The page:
Christ in his parents' house

John Everett Millais • Painting, 1850, 86.4×139.7 cm
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50 × 30.9 cm • 224 dpi
76.2 × 46.2 cm • 150 dpi
38.1 × 23.1 cm • 300 dpi
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About the artwork
Art form: Painting
Subject and objects: Religious scene
Style of art: The Pre-Raphaelites
Technique: Oil
Materials: Canvas
Date of creation: 1850
Size: 86.4×139.7 cm
Artwork in selections: 28 selections
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Description of the artwork «Christ in his parents' house»

At the annual exhibition of the Royal Academy in London in 1850, there was a real scandal - 21-year-old artist John Everett Millais presented the painting "Christ in the House of His Parents." Cynical, blasphemous, defiant and low. There was a painting in the same room Holman hunt "Convert British family, harboring a missionary from the pursuit of druids". She got it too, but the most fierce disputes were still around Millet's work - if Hunt took up the history of early Christianity, then the upstart Millet swung at the history of the Holy Family itself. Charles Dickens became the harshest and wittiest critic of the Pre-Raphaelites - he published the essay “Old lamps instead of new ones” in the magazine “Home Reading”. And blew the picture to pieces:

“Before us is a carpentry workshop. In the foreground there is a disgusting red-haired boy in a nightgown, in tears, with a twisted neck. It seems that he was playing with his friends somewhere in the gutter and got a stick in his hand, and now he complains to a kneeling woman, so unthinkably ugly, that they would stare at her with horror in the most low-grade French pub or English beer - if, of course, assume that a person with such a coiled neck can live for even a minute. Nearby, two almost bare carpenters, a master and an apprentice, are engaged in their work - worthy companions of this pleasant person. Another boy, in which something human is still dawning, carries a bowl with water, and no one pays attention to an old woman with a yellowed face who apparently went to the tobacco shop and was mistaken by the door, and now she can’t wait for her to be weighed down half an ounce of your favorite snuff. Everything that can be portrayed as ugly in a human face, body, or posture is also depicted. Half-dressed types like these carpenters can be seen in any hospital where dirty drunks with varicose ulcers end up, and their bare feet seem to have flashed here all the way from the slums of St. Giles. ”

Dickens is at the peak of fame, he is adored, he is listened to, he is believed. Moreover, the blasphemous interpretation of the life of the young Christ is already so obvious - Millet took it and presented it as if the sacred scene were taking place around the corner of his own house.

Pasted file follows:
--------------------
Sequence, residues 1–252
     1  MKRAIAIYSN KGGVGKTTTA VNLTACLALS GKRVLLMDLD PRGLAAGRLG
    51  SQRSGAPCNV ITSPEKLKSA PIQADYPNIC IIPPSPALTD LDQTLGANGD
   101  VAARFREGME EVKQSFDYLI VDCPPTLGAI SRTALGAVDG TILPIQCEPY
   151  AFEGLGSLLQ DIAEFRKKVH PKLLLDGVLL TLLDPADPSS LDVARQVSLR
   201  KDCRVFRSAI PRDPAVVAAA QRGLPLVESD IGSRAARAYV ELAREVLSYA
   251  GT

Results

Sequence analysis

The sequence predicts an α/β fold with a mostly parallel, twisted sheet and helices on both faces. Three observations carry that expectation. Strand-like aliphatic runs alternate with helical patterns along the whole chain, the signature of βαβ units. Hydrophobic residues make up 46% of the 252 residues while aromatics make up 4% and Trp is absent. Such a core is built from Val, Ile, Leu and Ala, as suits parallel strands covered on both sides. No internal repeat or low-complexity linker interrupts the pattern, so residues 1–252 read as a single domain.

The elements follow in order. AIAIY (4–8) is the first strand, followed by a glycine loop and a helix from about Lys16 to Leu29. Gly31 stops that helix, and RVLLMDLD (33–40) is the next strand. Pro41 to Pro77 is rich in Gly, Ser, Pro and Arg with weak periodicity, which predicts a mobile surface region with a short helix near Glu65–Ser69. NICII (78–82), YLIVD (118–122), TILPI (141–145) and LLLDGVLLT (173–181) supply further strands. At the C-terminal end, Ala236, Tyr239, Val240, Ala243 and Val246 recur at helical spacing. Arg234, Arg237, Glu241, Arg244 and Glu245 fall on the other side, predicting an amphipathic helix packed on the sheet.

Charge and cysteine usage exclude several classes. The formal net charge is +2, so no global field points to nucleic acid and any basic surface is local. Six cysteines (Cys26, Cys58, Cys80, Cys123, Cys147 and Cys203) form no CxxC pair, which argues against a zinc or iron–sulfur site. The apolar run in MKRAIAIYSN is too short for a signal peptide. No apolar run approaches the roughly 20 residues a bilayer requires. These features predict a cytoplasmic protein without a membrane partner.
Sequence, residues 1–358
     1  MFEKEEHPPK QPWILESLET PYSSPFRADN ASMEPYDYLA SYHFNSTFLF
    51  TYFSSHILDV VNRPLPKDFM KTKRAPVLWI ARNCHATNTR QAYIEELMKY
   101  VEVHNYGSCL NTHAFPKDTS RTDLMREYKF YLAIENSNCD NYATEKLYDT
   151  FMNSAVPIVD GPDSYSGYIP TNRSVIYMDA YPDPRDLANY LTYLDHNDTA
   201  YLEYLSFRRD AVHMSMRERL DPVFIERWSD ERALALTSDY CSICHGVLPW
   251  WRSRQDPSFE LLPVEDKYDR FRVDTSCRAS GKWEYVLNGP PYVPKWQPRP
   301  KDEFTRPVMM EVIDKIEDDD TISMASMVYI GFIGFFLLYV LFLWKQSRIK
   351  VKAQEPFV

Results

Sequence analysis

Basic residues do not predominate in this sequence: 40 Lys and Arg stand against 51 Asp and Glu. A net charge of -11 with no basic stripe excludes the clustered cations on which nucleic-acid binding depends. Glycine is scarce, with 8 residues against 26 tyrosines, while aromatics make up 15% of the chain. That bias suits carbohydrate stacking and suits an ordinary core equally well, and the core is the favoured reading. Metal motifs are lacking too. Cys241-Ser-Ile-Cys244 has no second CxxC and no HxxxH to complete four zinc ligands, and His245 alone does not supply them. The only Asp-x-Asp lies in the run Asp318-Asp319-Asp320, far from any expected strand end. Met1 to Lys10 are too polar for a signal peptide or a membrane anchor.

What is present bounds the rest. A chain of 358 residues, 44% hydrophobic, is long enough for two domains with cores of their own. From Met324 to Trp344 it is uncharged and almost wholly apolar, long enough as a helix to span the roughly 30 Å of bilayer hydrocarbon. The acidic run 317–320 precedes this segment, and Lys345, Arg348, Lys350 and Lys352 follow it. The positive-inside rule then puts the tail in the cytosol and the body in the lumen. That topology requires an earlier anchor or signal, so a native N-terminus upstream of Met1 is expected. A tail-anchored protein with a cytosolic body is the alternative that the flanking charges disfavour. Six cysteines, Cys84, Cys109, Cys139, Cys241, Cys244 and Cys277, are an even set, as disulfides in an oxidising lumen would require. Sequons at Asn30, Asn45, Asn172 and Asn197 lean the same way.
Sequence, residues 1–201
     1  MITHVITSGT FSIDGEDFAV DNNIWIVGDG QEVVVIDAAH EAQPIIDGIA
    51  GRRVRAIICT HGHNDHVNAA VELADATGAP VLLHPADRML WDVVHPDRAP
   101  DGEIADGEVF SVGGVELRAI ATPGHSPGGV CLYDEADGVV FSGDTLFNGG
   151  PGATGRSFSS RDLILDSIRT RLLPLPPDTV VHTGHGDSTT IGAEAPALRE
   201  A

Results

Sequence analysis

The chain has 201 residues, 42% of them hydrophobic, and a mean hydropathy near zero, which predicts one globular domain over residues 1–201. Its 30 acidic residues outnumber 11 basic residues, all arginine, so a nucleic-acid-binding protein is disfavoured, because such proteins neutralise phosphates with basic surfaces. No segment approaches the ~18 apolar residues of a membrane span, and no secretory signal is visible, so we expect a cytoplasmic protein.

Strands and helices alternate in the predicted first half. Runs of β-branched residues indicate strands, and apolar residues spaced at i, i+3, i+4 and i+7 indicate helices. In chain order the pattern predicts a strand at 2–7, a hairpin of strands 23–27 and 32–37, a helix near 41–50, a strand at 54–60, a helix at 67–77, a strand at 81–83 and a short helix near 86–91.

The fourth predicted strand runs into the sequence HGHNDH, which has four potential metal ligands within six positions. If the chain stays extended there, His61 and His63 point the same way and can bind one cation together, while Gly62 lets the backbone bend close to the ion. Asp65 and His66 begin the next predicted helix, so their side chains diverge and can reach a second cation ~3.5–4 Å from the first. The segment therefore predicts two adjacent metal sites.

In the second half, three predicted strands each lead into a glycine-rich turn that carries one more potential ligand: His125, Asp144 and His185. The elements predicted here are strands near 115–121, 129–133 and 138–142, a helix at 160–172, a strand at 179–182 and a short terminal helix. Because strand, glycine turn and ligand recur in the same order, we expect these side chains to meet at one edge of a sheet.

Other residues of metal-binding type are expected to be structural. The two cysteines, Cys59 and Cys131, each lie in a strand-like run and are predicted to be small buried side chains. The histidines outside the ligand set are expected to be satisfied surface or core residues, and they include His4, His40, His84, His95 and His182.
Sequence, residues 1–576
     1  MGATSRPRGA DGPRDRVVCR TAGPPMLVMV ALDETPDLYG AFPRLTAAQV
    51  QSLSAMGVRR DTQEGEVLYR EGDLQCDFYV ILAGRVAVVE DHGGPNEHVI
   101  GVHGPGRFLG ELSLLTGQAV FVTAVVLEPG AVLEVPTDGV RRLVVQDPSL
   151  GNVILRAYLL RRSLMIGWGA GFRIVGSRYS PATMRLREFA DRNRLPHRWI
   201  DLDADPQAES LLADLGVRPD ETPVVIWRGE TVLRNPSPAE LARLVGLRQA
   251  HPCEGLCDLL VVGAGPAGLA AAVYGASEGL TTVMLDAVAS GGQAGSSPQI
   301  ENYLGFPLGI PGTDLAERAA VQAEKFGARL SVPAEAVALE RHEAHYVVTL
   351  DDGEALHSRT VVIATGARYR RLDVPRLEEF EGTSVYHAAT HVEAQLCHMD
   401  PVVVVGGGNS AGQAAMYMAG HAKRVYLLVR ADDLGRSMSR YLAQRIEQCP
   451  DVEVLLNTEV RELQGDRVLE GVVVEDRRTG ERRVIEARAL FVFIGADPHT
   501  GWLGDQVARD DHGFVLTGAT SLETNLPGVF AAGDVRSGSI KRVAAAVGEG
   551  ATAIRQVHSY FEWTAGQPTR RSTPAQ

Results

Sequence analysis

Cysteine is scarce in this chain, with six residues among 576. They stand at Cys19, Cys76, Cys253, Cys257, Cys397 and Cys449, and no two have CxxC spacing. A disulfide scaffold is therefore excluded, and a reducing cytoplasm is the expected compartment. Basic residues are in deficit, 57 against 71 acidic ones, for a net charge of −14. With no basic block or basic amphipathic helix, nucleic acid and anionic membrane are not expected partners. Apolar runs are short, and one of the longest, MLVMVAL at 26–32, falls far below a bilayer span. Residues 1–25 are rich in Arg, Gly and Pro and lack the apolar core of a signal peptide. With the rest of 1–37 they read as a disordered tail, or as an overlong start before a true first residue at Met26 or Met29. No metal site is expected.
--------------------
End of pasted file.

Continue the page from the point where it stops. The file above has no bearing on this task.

John Everett Millet did paint a picture in the London carpentry workshop, where it was easy to find mountains of chips, a rough desktop, the necessary set of tools. The carpenter himself, the master of the mattress, the father, the cousin, the daughter-in-law and the son of a friend posed for him — no professional models. The artist needed to buy a pair of sheep heads from a butcher in order to accurately and truthfully write the herd outside the workshop walls. The main goal, idea, mission is to write, without departing a single step from what you see, from nature and truth. For the middle of the XIX century in Victorian England, such a presentation of the classical biblical scene was too straightforward and radical.

The general panic and feeling of an inexplicable threat were so strong that Queen Victoria herself ordered that the picture be removed from the exhibition and brought to her for examination. Something inexorably changed in the art of England with this work, there was an irreversible turning point, after which reliable pictorial soil would collapse, trampled and strengthened over the centuries. This stable soil was safe and familiar, but, unfortunately, absolutely barren and lifeless: from year to year, traditionally idealized heroes appeared in exhibitions of the Royal Academy in a relatively beautiful landscape. And then a boy in a shirt, dirty heels, muscular arms, wrinkled weathered faces, a doorway from a barely hewn log, trash on the floor.

It is hard to believe this, but Millet found a defender seriously competing in terms of influencing public opinion with the author of the Post-Death Notes of the Pickwick Club. It was John Ruskin, art critic and writer, thanks to whom Millet will be the youngest member of the Royal Academy after 3 years.

Author: Anna Sidelnikova